In Greek mythology, Prometheus (/prəˈmθiəs/; Ancient Greek: Προμηθεύς, [promɛːtʰéu̯s], possibly meaning "forethought")[1] is a Titan god of fire.[2] Prometheus is best known for defying the gods by stealing fire from them and giving it to humanity in the form of technology, knowledge, and more generally, civilization. In some versions of the myth he is also credited with the creation of humanity from clay. Prometheus is known for his intelligence and for being a champion of humankind,[3] and is also generally seen as the author of the human arts and sciences.[citation needed] He is sometimes presented as the father of Deucalion, the hero of the flood story.[4][5][6]

Titan of forethought and crafty counsel, culture hero, and trickster figure in Greek mythology
Personal information
ParentsIapetus and Asia or Clymene
SiblingsAtlas, Epimetheus, Menoetius, Anchiale
Prometheus depicted in a sculpture by Nicolas-Sébastien Adam, 1762 (Louvre)

The punishment of Prometheus as a consequence of the theft of fire and giving it to humans is a popular subject of both ancient and modern culture. Zeus, king of the Olympian gods, sentenced Prometheus to eternal torment for his transgression. Prometheus was bound to a rock, and an eagle—the emblem of Zeus—was sent to eat his liver (in ancient Greece, the liver was thought to be the seat of human emotions).[7] His liver would then grow back overnight, only to be eaten again the next day in an ongoing cycle.[7] According to several major versions of the myth, most notably that of Hesiod, Prometheus was eventually freed by the hero Heracles.[8][9] In yet more symbolism, the struggle of Prometheus is located by some at Mount Elbrus or at Mount Kazbek, two volcanic promontories in the Caucasus Mountains beyond which for the ancient Greeks lay the realm of the barbarii.[10]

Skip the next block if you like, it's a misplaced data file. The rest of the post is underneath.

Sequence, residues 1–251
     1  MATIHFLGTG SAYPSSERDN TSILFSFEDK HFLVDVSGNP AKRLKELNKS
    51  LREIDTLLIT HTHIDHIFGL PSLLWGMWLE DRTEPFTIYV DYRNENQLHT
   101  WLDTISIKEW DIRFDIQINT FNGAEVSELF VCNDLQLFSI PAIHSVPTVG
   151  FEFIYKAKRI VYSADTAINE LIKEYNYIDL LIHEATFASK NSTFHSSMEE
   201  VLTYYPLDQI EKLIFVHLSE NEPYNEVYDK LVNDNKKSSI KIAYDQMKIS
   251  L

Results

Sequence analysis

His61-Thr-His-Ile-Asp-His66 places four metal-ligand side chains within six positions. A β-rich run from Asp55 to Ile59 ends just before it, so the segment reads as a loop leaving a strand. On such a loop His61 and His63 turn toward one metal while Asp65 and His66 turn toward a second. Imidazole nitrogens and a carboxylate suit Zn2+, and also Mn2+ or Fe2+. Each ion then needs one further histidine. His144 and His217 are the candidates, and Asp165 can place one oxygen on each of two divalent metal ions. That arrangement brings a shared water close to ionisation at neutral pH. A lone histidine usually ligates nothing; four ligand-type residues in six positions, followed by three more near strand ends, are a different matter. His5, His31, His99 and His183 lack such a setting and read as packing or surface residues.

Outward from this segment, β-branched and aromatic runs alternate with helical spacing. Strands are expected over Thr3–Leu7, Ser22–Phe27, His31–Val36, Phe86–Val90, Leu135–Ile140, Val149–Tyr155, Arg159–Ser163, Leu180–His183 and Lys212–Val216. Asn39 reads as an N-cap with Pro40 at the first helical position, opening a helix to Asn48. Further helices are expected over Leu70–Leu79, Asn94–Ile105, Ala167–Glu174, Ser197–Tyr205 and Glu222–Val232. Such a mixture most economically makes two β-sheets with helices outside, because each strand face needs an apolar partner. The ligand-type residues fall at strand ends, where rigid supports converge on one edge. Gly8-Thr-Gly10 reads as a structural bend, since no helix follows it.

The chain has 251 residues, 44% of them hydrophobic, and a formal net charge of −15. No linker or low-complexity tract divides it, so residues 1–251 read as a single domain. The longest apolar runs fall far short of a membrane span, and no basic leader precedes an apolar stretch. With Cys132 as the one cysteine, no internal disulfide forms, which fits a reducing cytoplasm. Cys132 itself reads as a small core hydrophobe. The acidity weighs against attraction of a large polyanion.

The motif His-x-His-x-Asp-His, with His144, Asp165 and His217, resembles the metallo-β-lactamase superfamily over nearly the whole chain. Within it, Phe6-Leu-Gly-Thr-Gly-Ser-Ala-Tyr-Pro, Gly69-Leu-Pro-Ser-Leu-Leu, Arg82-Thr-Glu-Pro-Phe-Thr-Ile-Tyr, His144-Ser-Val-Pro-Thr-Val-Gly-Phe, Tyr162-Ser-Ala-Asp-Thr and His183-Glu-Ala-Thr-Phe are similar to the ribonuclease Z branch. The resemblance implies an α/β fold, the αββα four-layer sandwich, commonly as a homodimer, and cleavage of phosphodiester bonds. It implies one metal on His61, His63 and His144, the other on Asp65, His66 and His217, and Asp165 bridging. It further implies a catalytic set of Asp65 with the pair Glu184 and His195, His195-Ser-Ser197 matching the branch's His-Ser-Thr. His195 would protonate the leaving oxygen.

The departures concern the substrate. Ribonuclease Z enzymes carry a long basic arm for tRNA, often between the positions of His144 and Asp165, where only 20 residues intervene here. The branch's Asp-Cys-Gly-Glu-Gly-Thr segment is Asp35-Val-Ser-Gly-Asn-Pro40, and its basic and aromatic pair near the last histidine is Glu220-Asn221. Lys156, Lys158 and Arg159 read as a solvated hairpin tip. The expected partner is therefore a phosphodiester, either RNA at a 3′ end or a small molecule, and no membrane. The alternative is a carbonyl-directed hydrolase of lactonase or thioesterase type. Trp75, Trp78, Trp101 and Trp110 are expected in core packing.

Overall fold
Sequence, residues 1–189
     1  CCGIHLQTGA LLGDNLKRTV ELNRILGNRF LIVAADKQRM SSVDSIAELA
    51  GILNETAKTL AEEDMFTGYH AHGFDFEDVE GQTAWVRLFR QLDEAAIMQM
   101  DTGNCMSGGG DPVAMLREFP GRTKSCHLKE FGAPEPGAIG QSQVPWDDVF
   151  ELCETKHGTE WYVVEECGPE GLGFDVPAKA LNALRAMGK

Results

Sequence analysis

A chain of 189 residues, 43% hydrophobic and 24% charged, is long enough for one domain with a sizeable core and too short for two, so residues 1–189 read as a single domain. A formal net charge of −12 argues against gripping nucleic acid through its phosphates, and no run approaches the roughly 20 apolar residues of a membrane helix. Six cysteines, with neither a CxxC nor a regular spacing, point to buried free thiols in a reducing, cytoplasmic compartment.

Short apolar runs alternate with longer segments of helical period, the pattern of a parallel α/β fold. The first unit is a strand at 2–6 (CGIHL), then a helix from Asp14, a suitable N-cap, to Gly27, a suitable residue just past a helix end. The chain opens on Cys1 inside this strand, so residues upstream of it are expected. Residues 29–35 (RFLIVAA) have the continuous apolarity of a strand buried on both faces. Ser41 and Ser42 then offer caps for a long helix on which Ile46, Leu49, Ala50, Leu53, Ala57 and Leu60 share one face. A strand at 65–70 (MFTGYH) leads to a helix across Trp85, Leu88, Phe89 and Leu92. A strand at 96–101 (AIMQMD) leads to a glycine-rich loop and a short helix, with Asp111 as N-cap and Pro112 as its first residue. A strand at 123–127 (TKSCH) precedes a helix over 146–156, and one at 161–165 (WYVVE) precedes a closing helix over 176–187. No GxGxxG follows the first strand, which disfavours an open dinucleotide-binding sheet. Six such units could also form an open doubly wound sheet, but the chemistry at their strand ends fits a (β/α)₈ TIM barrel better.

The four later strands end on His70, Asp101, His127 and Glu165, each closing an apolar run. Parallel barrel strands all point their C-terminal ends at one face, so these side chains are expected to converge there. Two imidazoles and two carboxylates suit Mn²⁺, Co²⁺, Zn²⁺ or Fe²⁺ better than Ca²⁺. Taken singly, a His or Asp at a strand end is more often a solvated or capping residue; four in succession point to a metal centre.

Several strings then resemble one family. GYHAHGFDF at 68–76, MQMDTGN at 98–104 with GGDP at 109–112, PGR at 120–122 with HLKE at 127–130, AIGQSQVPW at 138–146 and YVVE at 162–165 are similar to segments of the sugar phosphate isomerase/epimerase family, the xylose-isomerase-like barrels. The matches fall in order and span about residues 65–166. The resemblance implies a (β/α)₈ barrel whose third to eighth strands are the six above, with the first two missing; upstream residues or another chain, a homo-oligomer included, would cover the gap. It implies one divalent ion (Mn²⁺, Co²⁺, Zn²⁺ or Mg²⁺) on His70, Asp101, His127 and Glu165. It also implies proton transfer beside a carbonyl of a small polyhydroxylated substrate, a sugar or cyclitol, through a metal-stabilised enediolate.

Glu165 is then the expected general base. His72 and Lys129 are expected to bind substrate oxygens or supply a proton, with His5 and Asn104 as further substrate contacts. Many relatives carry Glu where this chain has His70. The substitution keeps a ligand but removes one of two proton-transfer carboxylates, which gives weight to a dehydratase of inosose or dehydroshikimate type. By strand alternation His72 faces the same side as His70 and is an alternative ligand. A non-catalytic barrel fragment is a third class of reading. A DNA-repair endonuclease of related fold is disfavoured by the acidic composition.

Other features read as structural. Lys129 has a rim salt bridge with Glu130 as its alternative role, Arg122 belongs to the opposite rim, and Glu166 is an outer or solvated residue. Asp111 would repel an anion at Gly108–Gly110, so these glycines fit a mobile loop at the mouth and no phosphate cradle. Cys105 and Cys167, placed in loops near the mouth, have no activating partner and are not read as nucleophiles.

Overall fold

In another myth, Prometheus establishes the form of animal sacrifice practiced in ancient Greek religion.[citation needed] Evidence of a cult to Prometheus himself is not widespread. He was a focus of religious activity mainly at Athens, where he was linked to Athena and Hephaestus, who were the Greek deities of creative skills and technology.[11][12]

In the Western classical tradition, Prometheus became a figure who represented human striving (particularly the quest for scientific knowledge) and the risk of overreaching or unintended consequences. In particular, he was regarded in the Romantic era as embodying the lone genius whose efforts to improve human existence could also result in tragedy: Mary Shelley, for instance, gave The Modern Prometheus as the subtitle to her novel Frankenstein (1818).

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